‘Lamb’ Star Noomi Rapace Jokes About Possible Sequel: ‘Maybe the Next One Is My Head on a Sheep’

The two decide to raise the half-lamb half-human creature as their own child. Noomi Rapace and Hilmir Snær Guðnason star in Valdimar Jóhannsson’s A24 drama “Lamb” as a couple, Maria and Ingvar, who live on a remote farm in Iceland and discover that one of their sheep has given birth to a lamb that is half human. Their life is disrupted when Ingvar's brother Pétur (Björn Hlynur Haraldsson) unexpectedly shows up at their door.
I've never been to Iceland, so is that how life is because that's on the edge?
This interview has been edited and condensed for length and clarity.
You can listen to the full interview above or at Apple Podcasts. You can also find “Just for Variety” wherever you listen to your favorite podcasts.” />
At one point, I thought the lamb was going to start talking.
Yeah, it's like you create a spotless order around you because you're so chaotic inside.
Is this the start of a franchise? Are we going to see a movie called “Puppy?”
The producer came to London to my house to have a meeting with me. They brought me the script and this strange kind of moodboard with pictures and drawings and [they were] really quite disturbing. The script was like that. I was hallucinating looking at it. And I read the script and it’s like they don't talk. And then I have this crazy, imaginary, brutal and beautiful look book that is just so… it was almost like a weird trip. And I was so obsessed with this look book. I was like, "Well, I need to do this.” I've been waiting for this since as long as I can remember. I was like, "I need to be brave and just jump into this universe."
The kitchen is spotless. What I found fascinating are the details behind the couple. Everything is so controlled. When you drive in the Jeep and you're making coffee, the Jeep is spotless.
They're around. …So I think in that sense, it's very Icelandic because for Icelandic people, they wouldn't even ask what kind of genre this is. You might not see them, but he's standing right there behind you. It’s like animals and humans and fairies and elves. It's just like, "Oh, it's a story." That kind of 360 awareness of all kinds of life forms, some you might not see, I was very open for that idea as a child. I moved to Iceland when I was five. They're here. I’d be out riding with my grandmother and she was like, "Yeah, we can't cross that hill because that's the elf hill." They live very close to nature and with maybe creatures we don't see.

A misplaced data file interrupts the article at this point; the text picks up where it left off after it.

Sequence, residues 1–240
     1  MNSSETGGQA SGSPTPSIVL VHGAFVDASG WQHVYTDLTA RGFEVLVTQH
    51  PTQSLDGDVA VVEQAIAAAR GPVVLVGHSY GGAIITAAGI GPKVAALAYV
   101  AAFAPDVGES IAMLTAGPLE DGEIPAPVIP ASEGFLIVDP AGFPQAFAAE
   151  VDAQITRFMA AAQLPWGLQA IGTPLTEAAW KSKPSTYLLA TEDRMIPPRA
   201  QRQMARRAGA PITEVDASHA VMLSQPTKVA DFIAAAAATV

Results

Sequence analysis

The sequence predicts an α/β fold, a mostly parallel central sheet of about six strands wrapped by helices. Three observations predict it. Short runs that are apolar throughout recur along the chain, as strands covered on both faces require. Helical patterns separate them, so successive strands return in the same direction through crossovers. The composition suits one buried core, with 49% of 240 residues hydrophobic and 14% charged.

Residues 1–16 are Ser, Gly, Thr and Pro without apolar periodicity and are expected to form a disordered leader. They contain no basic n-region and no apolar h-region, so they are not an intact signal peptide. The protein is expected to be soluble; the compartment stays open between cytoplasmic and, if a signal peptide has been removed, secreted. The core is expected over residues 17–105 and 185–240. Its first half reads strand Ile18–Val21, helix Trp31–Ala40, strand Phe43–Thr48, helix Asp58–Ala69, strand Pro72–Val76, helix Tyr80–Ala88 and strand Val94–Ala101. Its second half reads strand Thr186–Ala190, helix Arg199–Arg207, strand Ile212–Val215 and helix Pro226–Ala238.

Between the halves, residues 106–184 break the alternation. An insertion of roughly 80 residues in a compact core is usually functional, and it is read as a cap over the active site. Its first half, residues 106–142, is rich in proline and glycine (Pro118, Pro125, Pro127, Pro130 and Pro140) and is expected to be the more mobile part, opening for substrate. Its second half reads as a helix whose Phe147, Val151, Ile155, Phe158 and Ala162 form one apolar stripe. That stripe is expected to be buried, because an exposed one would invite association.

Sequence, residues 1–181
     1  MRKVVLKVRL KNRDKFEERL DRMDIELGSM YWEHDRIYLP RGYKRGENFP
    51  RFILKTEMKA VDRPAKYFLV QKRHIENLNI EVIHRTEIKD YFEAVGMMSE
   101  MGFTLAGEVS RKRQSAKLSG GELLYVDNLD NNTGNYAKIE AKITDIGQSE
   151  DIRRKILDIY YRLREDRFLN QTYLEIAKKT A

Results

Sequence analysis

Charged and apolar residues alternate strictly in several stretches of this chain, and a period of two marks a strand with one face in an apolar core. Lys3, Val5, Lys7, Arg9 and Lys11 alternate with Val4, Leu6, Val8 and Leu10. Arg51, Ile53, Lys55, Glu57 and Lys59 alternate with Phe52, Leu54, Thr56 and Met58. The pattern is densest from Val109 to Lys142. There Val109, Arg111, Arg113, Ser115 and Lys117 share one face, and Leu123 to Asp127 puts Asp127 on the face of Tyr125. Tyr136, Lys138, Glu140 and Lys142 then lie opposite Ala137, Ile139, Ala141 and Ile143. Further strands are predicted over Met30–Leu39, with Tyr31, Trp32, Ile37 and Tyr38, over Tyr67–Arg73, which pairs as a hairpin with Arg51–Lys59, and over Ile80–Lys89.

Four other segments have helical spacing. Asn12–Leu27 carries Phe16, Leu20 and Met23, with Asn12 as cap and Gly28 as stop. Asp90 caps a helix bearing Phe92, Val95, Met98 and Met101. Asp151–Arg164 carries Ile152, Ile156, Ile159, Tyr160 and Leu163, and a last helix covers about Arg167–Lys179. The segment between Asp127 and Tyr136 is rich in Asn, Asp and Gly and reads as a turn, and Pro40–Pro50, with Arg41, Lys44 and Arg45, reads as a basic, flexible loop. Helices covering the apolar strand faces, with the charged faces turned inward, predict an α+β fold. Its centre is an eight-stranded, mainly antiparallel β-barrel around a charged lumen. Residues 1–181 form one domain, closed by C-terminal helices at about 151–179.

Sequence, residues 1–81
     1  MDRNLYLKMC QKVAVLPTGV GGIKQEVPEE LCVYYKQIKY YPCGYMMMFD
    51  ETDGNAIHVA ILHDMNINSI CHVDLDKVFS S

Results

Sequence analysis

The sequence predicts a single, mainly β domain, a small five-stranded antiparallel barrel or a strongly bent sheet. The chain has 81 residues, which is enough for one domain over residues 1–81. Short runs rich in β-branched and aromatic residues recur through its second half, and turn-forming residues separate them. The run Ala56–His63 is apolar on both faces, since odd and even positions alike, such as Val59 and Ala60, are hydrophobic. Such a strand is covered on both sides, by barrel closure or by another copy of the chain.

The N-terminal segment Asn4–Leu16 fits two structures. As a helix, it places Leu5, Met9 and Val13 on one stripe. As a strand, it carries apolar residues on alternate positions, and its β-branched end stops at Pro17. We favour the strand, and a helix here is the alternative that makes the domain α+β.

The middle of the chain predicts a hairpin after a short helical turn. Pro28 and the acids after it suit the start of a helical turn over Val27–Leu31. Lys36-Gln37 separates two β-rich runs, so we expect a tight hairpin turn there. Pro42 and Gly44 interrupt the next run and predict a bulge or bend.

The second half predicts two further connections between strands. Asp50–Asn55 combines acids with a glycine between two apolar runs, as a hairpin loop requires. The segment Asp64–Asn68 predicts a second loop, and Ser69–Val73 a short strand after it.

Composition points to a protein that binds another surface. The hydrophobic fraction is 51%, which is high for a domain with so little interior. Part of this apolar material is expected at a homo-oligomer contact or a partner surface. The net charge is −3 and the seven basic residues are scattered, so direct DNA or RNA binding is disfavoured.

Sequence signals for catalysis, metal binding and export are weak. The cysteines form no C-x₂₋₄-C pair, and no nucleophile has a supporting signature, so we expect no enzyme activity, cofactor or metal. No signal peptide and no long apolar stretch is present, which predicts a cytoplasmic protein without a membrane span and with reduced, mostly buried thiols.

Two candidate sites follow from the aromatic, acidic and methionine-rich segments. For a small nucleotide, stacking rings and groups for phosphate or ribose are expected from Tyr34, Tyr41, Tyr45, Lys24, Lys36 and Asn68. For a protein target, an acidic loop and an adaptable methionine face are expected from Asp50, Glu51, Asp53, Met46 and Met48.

Yeah, then “Kitten.” Oh my God, we can go so many places. Maybe the next one is my head on a sheep mama.
There's very little dialogue. Maria doesn’t speak much. What did the script look like?
What was it like seeing the lamb baby for the first time?
Is she imagined by them?" And I think when she had lines and she was talking, all of a sudden she just became way more real in a way that broke the possibility for her to exist. She had a few lines in the script and it didn't work because she broke the illusion. She had this weird little voice and then it was like, "Is she really there or no? That’s really interesting because she used to talk. When I saw it, it was in the first cut.
People would be like, “Why did Noomi do this small Icelandic movie with this weird baby human lamb? It was in post, but also, we had Peter Hjorth, an amazing Danish man who was the puppet master. So there was a lamb head and he was walking this strange walk and looking at us in a certain way. But then I remember getting just goosebumps and I was like, "Oh, it's actually going to work." I was scared because I didn't know if it was going to work. But obviously when I finally saw the movie or the first rough cut, it was with a lot of weird green screen effects still. So she was kind of coming to life while we were shooting. It could've really been weird and tacky if it was done the wrong way.
It's a fairytale.
It's a fairytale.
So I'm like, it's just a film. I feel like it's its own genre. And I grew up in Iceland and everything is kind of on the edge there. It's like light horror, drama, but it's very Icelandic.
When people say to you, "What is ‘Lamb’ about?” what do you tell them?
I caught up with Rapace for this week’s “Just for Variety” podcast.
People see different stories in it. And for me, it's almost like two stories going on at the same time. It's a love story. It's the story about motherhood, grief, and how far you'll go to heal and to protect your child, sort of. And what I love about the film is it has so many layers.
What is it? Is it horror? Is it a thriller?

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